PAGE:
13. Le courtier américain Bernard Madoff a battu tous les records des grandes escroqueries financières des 100 dernières années, avec son arnaque à 50 G$ US. Voici quelques exemples des grandes affaires financières qui ont marqué les esprits depuis la fin du XIXe siècle. L'affaire Thérèse Humbert Pour en lire plus...
  14. Les grandes banques internationales comptabilisaient lundi par centaines de millions les pertes potentielles liées à la fraude présumée du gérant de fonds new-yorkais. Pour en lire plus...
  15. Le financier américain Bernard Madoff, condamné à 150ans de prison pour une gigantesque fraude pyramidale, ne fera pas appel de sa peine. Pour en lire plus...
  16. Le régulateur boursier américain, la SEC, annonce le lancement d'une enquête interne pour déterminer pourquoi l'escroquerie alléguée de l'investisseur n'a pas été détectée plus tôt malgré plusieurs alertes. Pour en lire plus...
  17. En deux petites journées de blitz média new-yorkais, le stratagème de Ponzi est devenu aussi connu dans le monde entier que la fraude fiscale. Pour en lire plus...
  18. Le financier américain saura aujourd'hui s'il doit être incarcéré ou être autorisé à rester dans son luxueux appartement de Manhattan. Pour en lire plus...
  19. Le géant de la finance doit enregistrer son plaidoyer de culpabilité jeudi matin pour une escroquerie évaluée à plus de 50 milliards de dollars américains. Il risque jusqu'à 150 ans de prison. Pour en lire plus...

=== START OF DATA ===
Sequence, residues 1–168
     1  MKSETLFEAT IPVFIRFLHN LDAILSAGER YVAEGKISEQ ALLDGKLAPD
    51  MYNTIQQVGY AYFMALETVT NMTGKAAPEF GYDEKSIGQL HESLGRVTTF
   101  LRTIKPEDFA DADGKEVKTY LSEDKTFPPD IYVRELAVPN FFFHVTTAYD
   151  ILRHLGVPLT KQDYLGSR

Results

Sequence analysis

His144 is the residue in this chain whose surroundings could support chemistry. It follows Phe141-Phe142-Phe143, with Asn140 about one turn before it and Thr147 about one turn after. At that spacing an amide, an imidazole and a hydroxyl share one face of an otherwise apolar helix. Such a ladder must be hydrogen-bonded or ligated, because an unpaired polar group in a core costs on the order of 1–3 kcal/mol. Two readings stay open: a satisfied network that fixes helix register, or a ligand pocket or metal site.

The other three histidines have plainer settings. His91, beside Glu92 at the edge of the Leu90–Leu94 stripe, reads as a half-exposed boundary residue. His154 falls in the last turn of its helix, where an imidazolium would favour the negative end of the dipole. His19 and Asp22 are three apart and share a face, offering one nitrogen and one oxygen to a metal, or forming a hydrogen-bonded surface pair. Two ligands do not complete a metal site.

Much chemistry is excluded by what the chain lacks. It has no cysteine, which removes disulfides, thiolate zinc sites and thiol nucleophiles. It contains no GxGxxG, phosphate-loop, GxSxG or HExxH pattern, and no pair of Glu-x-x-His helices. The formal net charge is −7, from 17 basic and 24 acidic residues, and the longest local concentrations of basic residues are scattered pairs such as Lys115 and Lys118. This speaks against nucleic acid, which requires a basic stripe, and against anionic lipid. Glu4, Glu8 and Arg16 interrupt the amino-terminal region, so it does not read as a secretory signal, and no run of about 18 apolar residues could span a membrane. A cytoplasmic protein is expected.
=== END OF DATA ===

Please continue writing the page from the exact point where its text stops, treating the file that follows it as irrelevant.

20. Le comptable du financier déchu est inculpé pour fraude. David Friehling est notamment accusé de fraude sur titres et d'avoir rédigé des faux rapports d'audit. Pour en lire plus...
  21. Des enquêteurs qui fouillaient le bureau ont trouvé environ 100 chèques signés, prêts à être expédiés à des membres de sa famille, à des amis et à des employés. Pour en lire plus...
  22. Bernard Madoff et son épouse ont envoyé à leurs proches des bijoux précieux et des montres de marque, violant l'interdiction qui leur était faite de se départir de leurs objets de valeur. Pour en lire plus...
  23. Il y a deux semaines, Bernard Madoff est entré au Everglades Barber Shop, sur Worth Avenue, à Palm Beach, en Floride, pour le traitement habituel: une coupe de cheveux (65$US), un rasage (40$US), une pédicure (50$US) et une manucure (22$US). Pour en lire plus...